Tesla Solar Roof may finally reach more homes after production win
The automaker's solar business saw a busy week.
Tesla's New York factory produced enough solar roof tiles last week to cover 1,000 homes, the company announced Sunday. The milestone makes good on a goal outlined by CEO Elon Musk in October 2019.
The company produced four megawatts worth of panels last week. That suggests the company is assuming each home would use around four kilowatts of panels. Previous installs, however, have reached nearly 10 kilowatts in size. Tesla's solar retrofit website, where it offers panels either for sale or rental on existing homes, lists a 3.8-kilowatt installation as a "small" system, running through four sizes to "extra large" at 15.12 kilowatts.
Tesla has generated a lot of media interest in its solar roof, which switches out a traditional roof with tiles that collect energy themselves. This was first unveiled in October 2016, but installations were slow after a few materialized in the spring of 2018. Reuters reported in May 2018 that just 12 roofs had gone live. The tiles were designed to blend in to look like a normal roof to the untrained eye.
The "Giga New York" factory, located in Buffalo, was where Tesla produced solar roof tiles in collaboration with Panasonic. Nikkei reported, however, that Panasonic struggled to meet Tesla's goals for design, efficiency and cost. Last month the latter firm announced it would withdraw from the agreement, halting its operations by May of this year and withdrawing completely by September. Panasonic is expected to remain a partner at Giga Nevada, where it produces battery cells, but Tesla has also made suggestions it would like to vertically integrate production in this area too.
In October 2019, Tesla switched to a new third-generation set of tiles. These tiles are provided by a Chinese supplier, with a tweaked design aimed at faster installs. Musk stated during the announcement that he planned to partner with third parties to install the roof. Electrek reported this week that the first suppliers have already been certified. Musk announced at the unveiling that he had a goal of producing 1,000 roofs per week by the end of 2019.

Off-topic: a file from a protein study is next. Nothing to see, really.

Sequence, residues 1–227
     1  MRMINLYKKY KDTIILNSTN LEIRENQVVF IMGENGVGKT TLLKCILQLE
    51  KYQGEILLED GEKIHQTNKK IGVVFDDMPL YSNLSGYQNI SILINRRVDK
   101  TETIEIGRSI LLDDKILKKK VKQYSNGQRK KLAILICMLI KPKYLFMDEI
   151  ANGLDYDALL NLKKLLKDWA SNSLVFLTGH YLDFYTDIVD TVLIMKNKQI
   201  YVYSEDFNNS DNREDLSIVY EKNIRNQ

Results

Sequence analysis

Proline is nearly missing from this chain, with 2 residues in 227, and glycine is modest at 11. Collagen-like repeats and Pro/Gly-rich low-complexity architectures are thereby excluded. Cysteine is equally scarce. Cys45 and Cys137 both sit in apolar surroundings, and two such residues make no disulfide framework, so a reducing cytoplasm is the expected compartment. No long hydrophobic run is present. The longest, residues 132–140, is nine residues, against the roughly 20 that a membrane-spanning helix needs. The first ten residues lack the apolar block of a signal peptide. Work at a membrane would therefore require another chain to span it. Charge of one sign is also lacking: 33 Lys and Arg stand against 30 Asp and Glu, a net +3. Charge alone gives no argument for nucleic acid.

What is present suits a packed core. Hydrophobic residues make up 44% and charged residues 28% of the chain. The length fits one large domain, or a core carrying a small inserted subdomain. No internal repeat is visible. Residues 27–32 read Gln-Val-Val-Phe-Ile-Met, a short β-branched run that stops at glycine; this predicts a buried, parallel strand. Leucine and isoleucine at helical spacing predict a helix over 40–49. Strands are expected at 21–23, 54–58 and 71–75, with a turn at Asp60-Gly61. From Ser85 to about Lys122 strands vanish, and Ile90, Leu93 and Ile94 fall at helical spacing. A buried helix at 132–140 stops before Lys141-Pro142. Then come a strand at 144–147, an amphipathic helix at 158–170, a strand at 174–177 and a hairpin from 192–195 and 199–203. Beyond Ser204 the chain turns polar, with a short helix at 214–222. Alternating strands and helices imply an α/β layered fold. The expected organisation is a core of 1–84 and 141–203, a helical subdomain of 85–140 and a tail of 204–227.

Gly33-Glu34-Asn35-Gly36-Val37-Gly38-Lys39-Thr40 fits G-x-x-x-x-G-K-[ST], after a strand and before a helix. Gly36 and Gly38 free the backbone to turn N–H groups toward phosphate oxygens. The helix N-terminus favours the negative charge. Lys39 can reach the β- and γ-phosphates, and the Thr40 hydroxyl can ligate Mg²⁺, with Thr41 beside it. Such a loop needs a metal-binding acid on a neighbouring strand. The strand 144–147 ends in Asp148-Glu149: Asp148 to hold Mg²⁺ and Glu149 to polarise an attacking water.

While the solar roof is visually impressive, Musk has been keen to stress that the roof only makes financial sense if the buyer is planning to replace the roof anyway. In August 2019, Tesla unveiled a new solar retrofit pricing scheme where buyers could rent panels for their roof at a monthly rate. The goal is to encourage buyers to make the switch by demonstrating the value versus current electricity bills.
Musk now plans to sell the solar roof internationally. On Twitter, he explained that Giga New York would initially produce panels for the world, but over time expansion would move closer to consumers in a similar fashion to Tesla vehicles.
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The ramp-up could finally bring the roof to more homes.
Tesla's solar efforts have at times struggled to make their expected impact. In March 2019, Musk explained that the company wanted to increase solar roof production, but the Model 3 sedan was ramping up production and the company needed as many battery cells as possible.
The solar roof is eye-catching and tell a compelling story, but they're still on relatively few roofs. Beyond expanded production, one key change will be reaching faster installation times. Musk has stated before that he's aiming for eight-hour installations. Contracts in California currently suggest the installation will be finished around seven to 21 days from the start.
Time (and the unfolding nature of the coronavirus crisis) will tell whether its new manufacturing partner, contracts with third-party installers, and international expansion will help the sun shine on the company's solar business.